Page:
What a feeling of peace to arrive in Laos, among its green forests and peaceful and hospitable people. Tizian and I had arrived in Southeast Asia. The air was tropical and the vegetation lush. Pigs and wild buffaloes sunbathed and swam on the banks of the Ou River, a vision that instilled serenity. We sailed on this river which then meets the great Mekong. There are villages of simple and poor people who are happy to invite you to dinner and communicate, despite the language barriers. We visited the Elephant Conservation Centre in Saja Bouri, which was one of the animal conservation centres we had selected to visit during our trip. We wanted to learn about the condition of the animals in this part of the world and understand how we could help, in our own small way. Elephants from tragic past were brought to this centre. They were saved from mistreatment, from the hard work of deforestation, in which the pachyderms are used to drag the heavy logs. Here the elephants could find their own space, swim in the water, interact with each other. These animals, accustomed to living in captivity, also here lived very much in contact with humans and their "mahout", their handler, trainer and keeper. A very strong bond is created between them that often lasts a lifetime.
The situation of the elephants of the Animal Friends Foundation in Thailand was similar. In this centre we met many animals brought here from places of mistreatment. Sun bears, gibbons and many other species find there a happy island, much more space and freedom than they were used to before. The traffic of wild animals in Southeast Asia is monstrous. Bangkok is a crucial center for illegal trade in species, even endangered ones.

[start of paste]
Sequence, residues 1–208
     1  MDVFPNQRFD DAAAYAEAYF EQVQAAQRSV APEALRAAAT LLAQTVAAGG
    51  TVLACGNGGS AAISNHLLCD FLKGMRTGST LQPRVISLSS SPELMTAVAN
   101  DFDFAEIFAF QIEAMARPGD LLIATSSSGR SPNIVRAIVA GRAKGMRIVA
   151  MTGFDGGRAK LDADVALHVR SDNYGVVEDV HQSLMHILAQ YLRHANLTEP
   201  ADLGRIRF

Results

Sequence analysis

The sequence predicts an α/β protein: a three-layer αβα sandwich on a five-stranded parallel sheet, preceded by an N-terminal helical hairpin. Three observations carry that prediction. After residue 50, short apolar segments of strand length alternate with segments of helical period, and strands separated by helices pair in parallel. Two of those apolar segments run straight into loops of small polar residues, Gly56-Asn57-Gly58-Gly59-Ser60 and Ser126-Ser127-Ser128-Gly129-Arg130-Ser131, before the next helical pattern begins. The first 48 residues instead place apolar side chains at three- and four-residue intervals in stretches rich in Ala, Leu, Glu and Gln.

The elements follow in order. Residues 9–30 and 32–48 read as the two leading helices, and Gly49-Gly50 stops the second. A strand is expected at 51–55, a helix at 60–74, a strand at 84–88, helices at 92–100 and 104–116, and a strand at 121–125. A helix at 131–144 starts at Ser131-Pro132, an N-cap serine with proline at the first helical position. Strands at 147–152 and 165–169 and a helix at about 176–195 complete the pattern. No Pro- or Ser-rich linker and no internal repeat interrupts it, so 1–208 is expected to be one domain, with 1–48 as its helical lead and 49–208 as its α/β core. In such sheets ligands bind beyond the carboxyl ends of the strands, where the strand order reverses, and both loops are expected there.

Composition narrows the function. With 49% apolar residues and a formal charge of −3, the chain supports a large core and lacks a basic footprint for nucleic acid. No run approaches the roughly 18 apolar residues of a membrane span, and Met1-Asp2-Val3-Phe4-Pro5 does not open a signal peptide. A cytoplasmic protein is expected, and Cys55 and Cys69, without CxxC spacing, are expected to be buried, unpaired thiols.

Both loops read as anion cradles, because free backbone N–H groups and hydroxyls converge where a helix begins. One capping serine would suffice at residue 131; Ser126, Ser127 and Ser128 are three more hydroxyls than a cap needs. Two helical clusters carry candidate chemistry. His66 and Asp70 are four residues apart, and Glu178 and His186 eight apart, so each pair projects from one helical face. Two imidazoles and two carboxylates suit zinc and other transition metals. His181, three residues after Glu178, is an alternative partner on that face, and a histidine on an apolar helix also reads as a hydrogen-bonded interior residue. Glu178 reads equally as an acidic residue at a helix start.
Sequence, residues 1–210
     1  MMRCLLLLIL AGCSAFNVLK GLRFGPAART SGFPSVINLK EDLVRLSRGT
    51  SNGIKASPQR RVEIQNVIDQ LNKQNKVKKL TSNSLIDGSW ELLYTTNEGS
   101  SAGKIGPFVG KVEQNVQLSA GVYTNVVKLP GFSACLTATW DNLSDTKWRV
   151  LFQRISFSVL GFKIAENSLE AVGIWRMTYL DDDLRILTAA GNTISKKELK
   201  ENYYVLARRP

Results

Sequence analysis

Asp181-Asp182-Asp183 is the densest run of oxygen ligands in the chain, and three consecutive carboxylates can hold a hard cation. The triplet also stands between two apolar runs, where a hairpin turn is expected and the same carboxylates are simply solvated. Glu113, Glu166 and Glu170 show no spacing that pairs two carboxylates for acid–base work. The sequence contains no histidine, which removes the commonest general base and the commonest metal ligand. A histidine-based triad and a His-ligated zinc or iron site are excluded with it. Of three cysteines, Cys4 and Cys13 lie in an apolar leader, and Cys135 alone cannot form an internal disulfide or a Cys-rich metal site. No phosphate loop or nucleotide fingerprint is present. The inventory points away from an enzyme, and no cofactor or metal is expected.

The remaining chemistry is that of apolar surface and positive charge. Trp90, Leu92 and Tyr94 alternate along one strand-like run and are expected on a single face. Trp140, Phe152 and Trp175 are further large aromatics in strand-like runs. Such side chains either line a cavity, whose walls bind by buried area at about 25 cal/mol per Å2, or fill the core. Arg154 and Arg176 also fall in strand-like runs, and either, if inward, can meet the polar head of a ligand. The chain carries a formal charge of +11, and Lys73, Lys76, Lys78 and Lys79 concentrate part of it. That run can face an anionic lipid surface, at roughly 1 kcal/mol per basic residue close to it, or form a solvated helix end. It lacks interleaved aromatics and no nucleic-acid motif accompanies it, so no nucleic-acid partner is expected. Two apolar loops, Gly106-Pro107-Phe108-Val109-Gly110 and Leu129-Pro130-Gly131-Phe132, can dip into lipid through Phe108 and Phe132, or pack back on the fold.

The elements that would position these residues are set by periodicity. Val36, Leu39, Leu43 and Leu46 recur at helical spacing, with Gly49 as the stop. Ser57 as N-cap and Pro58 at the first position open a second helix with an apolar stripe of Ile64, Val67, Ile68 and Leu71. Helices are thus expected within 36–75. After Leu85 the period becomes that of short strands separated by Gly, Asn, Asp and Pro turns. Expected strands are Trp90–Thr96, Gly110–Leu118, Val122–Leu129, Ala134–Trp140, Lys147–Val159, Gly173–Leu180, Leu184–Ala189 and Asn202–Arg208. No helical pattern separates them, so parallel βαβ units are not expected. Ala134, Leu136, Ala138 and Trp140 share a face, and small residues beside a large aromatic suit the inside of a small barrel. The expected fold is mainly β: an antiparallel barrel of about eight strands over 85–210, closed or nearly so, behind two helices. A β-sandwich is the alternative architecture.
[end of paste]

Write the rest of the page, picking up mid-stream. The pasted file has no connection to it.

Every country hides many faces. If you discover a dark side you can no longer ignore it, even if the sand between your feet and the turquoise waves of the sea whisper to you that everything shines and that you can abandon yourself in the feeling that nature instills so well: peace. However, peace is often interrupted, even on the most beautiful and less frequented beaches. While animal trafficking can be concealed from most foreign visitors, plastic is a problem that seems impossible to hide. The beaches are full of rubbish. Postcard views are ruined by metres of beach on which the most varied plastic waste accumulates. What a heartbreak. This is not Thailand's problem, it's our problem, yours, everyone's. Never, as in the sunny days in Koh Tao, have I clashed so violently against the human impact on nature.
Travelling is a privilege, reserved especially for those who come from countries where there is well-being. It is difficult to travel with very little environmental impact. We all know by now how polluting a single intercontinental flight is. But few things change your life and your vision of the world like seeing and touching the problems that society wants to hide from us: the enormous palm oil plantations, which have replaced countless hectares of forests; the animals saved from trade for traditional Chinese medicine, irreversibly wounded or unable to live free, and who are then condemned to live in cages forever; the rubber flip-flops and the wreckage of a plastic basket on the beach, colonized by shellfish, because life, after all, often finds a way to adapt to the new conditions. So if you didn't take that plane, you couldn't experience it. Maybe now you wouldn't make better choices at the supermarket, like not buying a product if it's packed with plastic. Maybe you wouldn't know more about what you can do to respect other animal species. And if you used to fly twice a year, you would now try to at least halve or even organize yourself in other ways. Experience is capable of changing us as deeply as we humans are capable of changing the world.